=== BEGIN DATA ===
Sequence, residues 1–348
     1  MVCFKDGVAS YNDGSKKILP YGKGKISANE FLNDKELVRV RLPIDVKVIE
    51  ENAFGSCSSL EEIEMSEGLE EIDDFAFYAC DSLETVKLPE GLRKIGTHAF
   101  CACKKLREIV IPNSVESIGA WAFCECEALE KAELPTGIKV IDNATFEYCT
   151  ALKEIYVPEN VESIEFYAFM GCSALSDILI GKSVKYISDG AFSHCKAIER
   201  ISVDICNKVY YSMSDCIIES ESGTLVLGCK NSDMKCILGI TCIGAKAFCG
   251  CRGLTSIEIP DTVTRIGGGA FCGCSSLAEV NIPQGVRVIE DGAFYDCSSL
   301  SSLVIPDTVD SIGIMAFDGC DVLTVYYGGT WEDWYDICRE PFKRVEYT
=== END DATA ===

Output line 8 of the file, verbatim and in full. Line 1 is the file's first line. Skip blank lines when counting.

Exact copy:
   301  SSLVIPDTVD SIGIMAFDGC DVLTVYYGGT WEDWYDICRE PFKRVEYT